“Your heart stopped for 15 minutes. You literally came back from the dead. It’s a miracle you’re even alive because realistically you shouldn’t be here.”
After gaining conscious I heard those phrases several times and each time I was unfazed. Never once did the thought “wow I’m lucky to be alive” cross my mind. I didn’t feel thankful, I didn’t feel joy at yet another chance at life, nor did I feel hopeful. Each time I was told I was on the verge of death and survived I felt numb, I felt nothing.
I don’t remember the heart attack. I don’t remember the rest of my organs starting to fail. I don’t remember being put on life support and an induced coma, but then again I’m not supposed to. Although what I do remember from the first morning I regained consciousness, I wish could forget. It’s funny how something as crucial yet simple as breathing I always took for granted until I struggled to do it. Waking up with the breathing tube inside me and covering half my face, it was the most excruciating pain I have ever experienced. I was disoriented and in so much pain that the only explanation I could muster up for it all in my head was that I’m being punished by being kept alive. After several hours of writhing in agony on a hospital bed with no one helping me, the doctors finally decided my lungs were well enough and removed the breathing tube, which mind you was not a pleasant experience. Every time I think back to that morning I still get chills down my spine.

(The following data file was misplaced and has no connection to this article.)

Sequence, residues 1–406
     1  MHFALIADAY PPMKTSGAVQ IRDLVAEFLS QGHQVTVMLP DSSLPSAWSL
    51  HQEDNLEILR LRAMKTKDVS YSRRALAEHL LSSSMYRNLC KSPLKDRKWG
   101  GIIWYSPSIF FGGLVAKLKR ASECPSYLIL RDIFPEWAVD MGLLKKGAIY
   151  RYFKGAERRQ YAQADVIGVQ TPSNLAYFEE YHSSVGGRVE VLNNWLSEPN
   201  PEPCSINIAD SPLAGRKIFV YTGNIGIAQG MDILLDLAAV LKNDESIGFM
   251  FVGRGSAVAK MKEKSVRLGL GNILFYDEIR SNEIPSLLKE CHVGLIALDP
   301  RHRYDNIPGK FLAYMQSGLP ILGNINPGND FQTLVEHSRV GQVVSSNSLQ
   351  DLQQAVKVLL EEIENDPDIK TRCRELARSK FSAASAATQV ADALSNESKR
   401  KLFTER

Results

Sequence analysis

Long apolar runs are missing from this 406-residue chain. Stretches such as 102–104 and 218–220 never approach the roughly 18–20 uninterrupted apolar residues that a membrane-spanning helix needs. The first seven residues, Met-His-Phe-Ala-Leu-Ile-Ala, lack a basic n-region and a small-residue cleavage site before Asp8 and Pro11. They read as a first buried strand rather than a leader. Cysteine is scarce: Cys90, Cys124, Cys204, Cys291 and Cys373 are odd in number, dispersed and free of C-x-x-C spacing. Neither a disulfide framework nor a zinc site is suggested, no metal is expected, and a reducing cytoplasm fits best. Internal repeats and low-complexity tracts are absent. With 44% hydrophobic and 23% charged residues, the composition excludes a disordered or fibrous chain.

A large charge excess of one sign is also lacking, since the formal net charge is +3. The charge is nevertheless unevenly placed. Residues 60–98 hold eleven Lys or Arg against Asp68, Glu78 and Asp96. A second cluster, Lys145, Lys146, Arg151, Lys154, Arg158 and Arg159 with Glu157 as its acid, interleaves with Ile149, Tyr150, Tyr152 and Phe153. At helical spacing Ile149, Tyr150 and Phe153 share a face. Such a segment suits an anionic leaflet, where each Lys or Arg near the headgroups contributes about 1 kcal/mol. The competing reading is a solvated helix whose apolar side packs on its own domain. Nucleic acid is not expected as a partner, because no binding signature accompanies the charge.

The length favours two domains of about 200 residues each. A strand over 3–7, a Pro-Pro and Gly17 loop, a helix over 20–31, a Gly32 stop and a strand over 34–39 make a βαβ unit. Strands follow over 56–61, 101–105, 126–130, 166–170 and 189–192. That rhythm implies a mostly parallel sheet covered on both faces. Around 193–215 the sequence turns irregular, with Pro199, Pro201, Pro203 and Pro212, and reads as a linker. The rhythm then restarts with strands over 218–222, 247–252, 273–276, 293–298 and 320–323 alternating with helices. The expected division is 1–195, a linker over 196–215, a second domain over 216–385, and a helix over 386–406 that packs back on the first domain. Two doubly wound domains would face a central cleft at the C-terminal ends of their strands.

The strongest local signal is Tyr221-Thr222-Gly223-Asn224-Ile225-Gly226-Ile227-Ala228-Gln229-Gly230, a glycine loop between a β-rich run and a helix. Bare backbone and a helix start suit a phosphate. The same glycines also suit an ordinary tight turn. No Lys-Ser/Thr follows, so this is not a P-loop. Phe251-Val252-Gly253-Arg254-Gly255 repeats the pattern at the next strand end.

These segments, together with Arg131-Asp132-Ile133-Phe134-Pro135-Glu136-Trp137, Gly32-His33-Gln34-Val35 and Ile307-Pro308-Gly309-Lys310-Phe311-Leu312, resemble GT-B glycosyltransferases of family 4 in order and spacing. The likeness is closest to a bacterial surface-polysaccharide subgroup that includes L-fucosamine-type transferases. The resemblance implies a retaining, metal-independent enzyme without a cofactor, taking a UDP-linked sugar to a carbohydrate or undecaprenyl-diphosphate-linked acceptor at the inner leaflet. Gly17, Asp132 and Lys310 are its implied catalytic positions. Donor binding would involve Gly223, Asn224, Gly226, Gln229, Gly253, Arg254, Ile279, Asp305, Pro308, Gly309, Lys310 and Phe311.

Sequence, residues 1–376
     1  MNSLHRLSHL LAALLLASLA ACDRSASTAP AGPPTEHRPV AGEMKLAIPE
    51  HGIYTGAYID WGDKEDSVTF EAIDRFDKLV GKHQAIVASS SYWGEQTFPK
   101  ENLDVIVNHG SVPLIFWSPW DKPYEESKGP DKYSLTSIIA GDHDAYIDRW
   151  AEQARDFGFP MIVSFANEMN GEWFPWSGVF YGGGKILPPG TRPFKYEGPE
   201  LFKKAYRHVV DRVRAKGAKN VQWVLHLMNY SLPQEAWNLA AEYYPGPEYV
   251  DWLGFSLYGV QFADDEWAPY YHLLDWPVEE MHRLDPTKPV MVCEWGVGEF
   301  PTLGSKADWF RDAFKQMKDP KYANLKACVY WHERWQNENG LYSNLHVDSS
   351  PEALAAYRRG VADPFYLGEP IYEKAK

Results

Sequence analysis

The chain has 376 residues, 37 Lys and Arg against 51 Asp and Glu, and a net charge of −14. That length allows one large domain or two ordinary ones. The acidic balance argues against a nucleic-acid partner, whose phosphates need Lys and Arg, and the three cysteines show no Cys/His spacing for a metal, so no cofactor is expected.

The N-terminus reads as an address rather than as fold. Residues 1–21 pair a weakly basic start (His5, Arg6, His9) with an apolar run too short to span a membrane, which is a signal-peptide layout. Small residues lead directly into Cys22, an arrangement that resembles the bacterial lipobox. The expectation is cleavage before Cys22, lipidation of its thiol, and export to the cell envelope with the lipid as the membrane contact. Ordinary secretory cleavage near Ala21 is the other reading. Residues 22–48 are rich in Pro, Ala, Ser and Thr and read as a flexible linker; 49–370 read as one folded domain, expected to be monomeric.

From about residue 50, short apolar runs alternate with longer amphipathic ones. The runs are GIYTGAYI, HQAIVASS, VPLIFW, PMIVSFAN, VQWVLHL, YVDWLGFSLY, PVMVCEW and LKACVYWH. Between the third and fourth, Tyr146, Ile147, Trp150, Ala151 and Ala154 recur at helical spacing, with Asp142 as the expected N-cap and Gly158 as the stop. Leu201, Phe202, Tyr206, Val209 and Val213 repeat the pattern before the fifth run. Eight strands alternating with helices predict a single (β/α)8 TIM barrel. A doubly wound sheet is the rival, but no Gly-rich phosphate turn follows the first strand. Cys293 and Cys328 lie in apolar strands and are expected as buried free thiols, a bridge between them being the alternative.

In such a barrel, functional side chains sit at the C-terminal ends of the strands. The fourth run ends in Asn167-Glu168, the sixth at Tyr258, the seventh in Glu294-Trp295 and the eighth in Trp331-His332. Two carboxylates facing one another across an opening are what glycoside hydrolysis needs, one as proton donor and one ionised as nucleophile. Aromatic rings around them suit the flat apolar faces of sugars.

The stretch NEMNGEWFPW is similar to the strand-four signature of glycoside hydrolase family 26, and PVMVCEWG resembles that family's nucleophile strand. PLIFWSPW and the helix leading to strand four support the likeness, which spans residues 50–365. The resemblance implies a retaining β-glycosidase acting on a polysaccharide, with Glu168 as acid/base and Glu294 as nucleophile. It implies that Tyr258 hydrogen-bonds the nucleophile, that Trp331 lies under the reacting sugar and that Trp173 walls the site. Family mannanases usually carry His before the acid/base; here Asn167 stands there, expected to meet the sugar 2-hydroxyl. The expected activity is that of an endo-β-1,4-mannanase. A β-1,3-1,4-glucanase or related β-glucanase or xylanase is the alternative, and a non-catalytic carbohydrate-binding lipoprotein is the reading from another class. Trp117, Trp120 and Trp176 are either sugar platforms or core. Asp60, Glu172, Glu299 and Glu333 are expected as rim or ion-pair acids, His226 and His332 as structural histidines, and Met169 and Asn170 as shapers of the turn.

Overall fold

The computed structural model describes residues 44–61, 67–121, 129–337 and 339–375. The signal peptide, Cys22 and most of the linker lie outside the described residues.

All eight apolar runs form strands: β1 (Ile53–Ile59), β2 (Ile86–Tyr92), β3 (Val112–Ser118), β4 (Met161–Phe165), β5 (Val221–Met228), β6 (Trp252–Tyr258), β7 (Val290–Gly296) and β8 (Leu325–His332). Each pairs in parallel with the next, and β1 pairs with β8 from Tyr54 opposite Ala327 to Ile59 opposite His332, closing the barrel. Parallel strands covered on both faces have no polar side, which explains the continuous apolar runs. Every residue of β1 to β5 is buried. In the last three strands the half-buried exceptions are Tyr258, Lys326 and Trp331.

After that spending numerous nights in the ICU surrounded by sick patients, machines, tubes, and wires and not a single familiar face, unable to move or get a wink of sleep, I couldn’t comprehend how everyone thought I was lucky. A couple of years back I was hit by a car and instantly blacked out. Woke up in a hospital bed to a nurse telling me “you’re lucky to be alive”. When the sedatives wore off, I laughed, unbothered by the fact that my life could’ve ended in a flash of an eye. The months that followed I light-heartedly told that story, understanding the seriousness of it but not caring and instead finding humour in it. I’m constantly being saved and never have I felt grateful for it, in fact sometimes I was even a little disappointed. Maybe one day I’ll look back and read this again and kick myself for being so cynical. However today I feel lonelier than ever and unworthy of this life that keeps coming back to me.
I’ve learnt that it’s not dying I’m afraid of, its living that terrifies me. Living with responsibilities, burden of expectations, guilt, pain and above all feeling nothing at all.